1938 was the year that saw the height of his engagement with political themes. He was commissioned to produce a large panel for the Spanish Pavilion at the 1937 World Fair and responded with the monumental Le Faucheur (The Reaper), known also as Catalan Peasant in Revolt (fig. 4) which was shown alongside Picasso’s Guernica (fig. 3) and constitutes Miró’s own, distinctive plea on behalf of his people. Over the following year his work shifts between different moods – many of the works have an ominous, anxious atmosphere whilst others seem open to the optimism that pervades the present work. In 1939 Miró clarified the relationship between his art and life, writing that: ‘The outer world, the world of contemporary events, always has an influence on the painter […]. If the interplay of lines and colours does not expose the inner drama of the creator, then it is nothing more than bourgeois entertainment. The forms expressed by an individual who is part of society must reveal the movement of a soul trying to escape the reality of the present, which is particularly ignoble today, in order to approach new realities, to offer other men the possibility of rising above the present’ (J. Miró, ‘Statement’, in Cahiers d’Art, Paris, April-May 1939).

Yet the political context of works such as Peinture (L’Air) should not obscure their formal inventiveness. As Jacques Dupin observed: ‘The paintings of 1938 will demand a rigorous control of form, economy of means, and research into colour intensities, all of which imply extreme spiritual concentration. [The work] is dominated and as though surmounted by a spirit of grandeur, by concern for plastic and colour values alike which is so successfully realised as to transcend the original affective content’ (J. Dupin, Joan Miró. Life and Work, London, 1962, p. 300). The composition of Peinture (L’Air) is rigorously organised; the lower half of the painting is firmly grounded, framing the blue sky above, whilst the floating elements appear subject to a centrifugal force that provides much of the work’s energy. Miró skilfully uses the distribution of colour across the canvas – and particularly the red pigment – as a means of further harmonising the separate elements. It is worth noting that an ‘air’ is both an atmosphere or mood and a musical composition. As Dupin writes, works such as this offer, ‘a glimpse of what his mature style will be – a style based on a restricted number of pure colours applied in flat areas, whose richness and power spring only from vigorous contrasts, from the rightness of the layout, and from an extraordinary rhythmic disposition: a style based on the increasing simplification of flat forms in process of being transmuted into signs’ (ibid., p. 310).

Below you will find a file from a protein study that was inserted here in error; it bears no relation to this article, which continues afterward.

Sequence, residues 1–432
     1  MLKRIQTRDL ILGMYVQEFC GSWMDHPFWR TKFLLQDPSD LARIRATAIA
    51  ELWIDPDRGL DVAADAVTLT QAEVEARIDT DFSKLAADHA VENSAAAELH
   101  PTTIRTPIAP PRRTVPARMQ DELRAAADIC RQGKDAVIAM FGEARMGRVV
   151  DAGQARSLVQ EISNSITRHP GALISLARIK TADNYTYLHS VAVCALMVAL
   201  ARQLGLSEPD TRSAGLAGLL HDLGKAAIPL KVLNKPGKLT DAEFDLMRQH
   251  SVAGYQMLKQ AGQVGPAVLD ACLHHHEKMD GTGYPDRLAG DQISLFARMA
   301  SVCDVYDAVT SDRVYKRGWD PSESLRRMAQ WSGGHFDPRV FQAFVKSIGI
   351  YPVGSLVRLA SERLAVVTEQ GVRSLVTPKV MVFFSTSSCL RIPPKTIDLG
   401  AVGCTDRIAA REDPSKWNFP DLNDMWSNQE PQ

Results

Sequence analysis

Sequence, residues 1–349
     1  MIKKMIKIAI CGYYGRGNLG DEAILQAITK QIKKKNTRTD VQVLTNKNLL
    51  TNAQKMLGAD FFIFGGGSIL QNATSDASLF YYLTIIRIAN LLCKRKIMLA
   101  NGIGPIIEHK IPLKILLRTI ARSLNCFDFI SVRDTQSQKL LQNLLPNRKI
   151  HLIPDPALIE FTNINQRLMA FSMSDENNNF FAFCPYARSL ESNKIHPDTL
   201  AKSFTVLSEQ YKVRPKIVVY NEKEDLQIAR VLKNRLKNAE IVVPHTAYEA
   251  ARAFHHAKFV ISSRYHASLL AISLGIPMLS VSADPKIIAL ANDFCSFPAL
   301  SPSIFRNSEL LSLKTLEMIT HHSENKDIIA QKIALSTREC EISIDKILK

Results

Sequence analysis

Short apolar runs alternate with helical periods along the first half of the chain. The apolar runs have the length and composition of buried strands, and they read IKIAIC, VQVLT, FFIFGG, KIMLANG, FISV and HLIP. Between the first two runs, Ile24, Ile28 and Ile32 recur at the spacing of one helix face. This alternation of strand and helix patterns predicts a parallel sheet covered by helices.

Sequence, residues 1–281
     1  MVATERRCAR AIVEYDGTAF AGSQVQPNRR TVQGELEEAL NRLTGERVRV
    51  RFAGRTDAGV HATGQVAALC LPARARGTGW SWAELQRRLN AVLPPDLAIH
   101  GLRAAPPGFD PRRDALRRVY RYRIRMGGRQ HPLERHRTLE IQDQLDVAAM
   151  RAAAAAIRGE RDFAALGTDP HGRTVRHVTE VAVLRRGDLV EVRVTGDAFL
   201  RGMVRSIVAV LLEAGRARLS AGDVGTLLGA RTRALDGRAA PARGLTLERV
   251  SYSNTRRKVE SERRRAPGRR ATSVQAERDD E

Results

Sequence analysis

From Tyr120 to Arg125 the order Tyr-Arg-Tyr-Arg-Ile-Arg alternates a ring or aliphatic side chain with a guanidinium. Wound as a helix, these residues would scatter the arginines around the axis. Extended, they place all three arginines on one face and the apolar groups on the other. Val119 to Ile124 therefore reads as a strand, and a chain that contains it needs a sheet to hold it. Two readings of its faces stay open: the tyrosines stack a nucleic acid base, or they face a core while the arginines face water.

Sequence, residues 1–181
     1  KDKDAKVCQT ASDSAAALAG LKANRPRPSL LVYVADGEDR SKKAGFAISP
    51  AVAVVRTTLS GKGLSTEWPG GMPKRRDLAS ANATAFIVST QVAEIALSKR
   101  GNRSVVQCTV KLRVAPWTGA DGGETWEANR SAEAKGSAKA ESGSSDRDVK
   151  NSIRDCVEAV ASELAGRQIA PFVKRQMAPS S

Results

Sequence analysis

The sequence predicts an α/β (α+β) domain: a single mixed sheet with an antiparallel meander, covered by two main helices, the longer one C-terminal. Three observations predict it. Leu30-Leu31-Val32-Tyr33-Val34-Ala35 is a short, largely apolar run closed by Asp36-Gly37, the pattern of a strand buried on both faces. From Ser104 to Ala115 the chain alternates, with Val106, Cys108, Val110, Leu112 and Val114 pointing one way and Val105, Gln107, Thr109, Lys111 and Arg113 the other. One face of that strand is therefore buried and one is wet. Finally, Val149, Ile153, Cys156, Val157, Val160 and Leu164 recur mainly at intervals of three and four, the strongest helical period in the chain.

In this respect Peinture (L’Air) clearly shows Miró moving in the direction of his celebrated series of Constellations (fig. 5), begun two years later in 1940. Looking back on these works Miró described his mood in 1939: ‘a new stage in my work began which had its source in music and nature. It was about the time that the war broke out. I felt a deep desire to escape. I closed myself within myself purposely. The night, music, and the stars began to play a major role in suggesting my paintings’ (quoted in James Johnson Sweeney, ‘Joan Miró: Comment and Interview’, in Partisan Review, no. 2, February 1948, p. 210). All of these elements can be found in Peinture (L’Air), although unlike the Constellations it still belongs to a period of direct engagement with outside affairs.

Like so much of his other work, Peinture (L’Air) does not directly confront the politics of the day, instead it speaks to the artist’s own perception and emotion. In this case Miró harnesses the full powers of his distinctive artistic vision to create a work that wholly embodies what Dupin described as a ‘renunciation of despair’ (J. Dupin, op. cit., London, 1962, p. 302) in a celebration of colour and form.